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Re: Mesozoic roots of parrots and passerine birds

> Don't worry, Eufalconimorphae won't ever appear again. Like
> Pegasoferae.

 Pegasoferae is one of the few names dreamed up by molecular
 researchers that actually shows a bit of creativity. What do you
 call a clade that includes bats, horses, and Ferae (i.e., Carnivora
 plus whatever it's closest to, in this case pangolins)? Combine the
 bats and horses into winged horses, and then combine again! I think
 that's pretty clever.

Oh yes, I love it.

And it has 5150 Google hits. I don't think it's going away.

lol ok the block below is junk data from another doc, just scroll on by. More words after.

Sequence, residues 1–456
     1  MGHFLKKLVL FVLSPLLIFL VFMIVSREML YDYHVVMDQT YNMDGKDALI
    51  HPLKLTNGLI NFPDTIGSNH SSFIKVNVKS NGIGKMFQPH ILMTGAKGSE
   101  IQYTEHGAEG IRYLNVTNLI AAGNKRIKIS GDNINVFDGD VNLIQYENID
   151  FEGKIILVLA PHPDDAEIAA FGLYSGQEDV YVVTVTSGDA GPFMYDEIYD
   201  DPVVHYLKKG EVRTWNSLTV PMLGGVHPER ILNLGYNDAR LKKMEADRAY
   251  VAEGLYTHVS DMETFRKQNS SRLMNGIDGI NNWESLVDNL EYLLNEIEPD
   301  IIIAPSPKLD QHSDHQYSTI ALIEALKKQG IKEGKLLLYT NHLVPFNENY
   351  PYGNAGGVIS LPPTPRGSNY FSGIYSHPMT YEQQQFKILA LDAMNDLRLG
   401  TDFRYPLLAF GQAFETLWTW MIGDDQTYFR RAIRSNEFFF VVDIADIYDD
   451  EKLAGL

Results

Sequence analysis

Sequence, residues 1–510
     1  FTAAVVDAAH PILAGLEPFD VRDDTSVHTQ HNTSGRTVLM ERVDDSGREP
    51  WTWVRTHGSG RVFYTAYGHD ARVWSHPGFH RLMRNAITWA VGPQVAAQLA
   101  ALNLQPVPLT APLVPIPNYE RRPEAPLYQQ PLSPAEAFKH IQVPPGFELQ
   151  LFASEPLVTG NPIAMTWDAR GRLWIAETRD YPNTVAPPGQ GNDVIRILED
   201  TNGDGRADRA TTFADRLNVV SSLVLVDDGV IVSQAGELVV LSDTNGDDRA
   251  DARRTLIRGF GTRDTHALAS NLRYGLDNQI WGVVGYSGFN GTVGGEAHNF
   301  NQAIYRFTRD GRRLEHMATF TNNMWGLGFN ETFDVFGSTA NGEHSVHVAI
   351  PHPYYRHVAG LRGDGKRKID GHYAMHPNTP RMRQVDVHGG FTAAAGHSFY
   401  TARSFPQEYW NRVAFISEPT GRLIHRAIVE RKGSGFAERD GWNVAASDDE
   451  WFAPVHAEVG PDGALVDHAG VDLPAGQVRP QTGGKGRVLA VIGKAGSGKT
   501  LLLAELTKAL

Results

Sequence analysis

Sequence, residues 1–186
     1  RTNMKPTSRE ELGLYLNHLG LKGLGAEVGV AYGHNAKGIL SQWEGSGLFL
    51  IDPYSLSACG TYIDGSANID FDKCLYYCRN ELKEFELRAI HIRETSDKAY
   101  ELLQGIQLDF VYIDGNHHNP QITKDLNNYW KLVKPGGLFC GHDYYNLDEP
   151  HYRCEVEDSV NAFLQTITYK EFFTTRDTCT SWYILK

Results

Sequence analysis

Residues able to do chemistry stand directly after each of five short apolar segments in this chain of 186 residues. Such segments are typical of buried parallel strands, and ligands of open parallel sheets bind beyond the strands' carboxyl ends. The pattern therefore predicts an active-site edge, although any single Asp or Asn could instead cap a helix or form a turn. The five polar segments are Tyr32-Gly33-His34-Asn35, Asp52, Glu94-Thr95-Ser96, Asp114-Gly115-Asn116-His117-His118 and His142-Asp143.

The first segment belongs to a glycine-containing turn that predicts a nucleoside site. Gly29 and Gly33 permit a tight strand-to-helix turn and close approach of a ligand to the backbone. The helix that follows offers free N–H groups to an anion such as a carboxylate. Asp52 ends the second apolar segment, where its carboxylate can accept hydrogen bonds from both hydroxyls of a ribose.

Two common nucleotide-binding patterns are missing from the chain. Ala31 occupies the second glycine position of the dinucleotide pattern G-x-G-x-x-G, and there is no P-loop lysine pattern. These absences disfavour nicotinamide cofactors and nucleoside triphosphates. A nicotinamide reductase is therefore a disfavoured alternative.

...Oh. Do I sense mistrust of the use of retroposon insertions in molecular phylogenetics? That would be unfortunate. Convergent insertion of the same retroposon in the same place of two genomes is right next to impossible. All that can happen to confound phylogenetics is incomplete lineage sorting -- which has been detected this way in the origins of Scrotifera and (as the new paper shows) Neoaves. I bet these were radiations into the empty world of the earliest Paleocene.

 (Eufalconimorphae might be even worse than these, though....)

Fortunately, the PhyloCode is against this monstrosity: the name Eufalconimorphae implies a "Falconimorphae" which appears not to exist.

I also hate the -ae in Psittacopasserae and Galloanserae. There is no way you can get from *Passer* or *Anser* to -ae. It should be Psittacopasseres and Gallanseres (without the stupid vowel cluster). But neither the PhyloCode nor the ICZN say anything about these.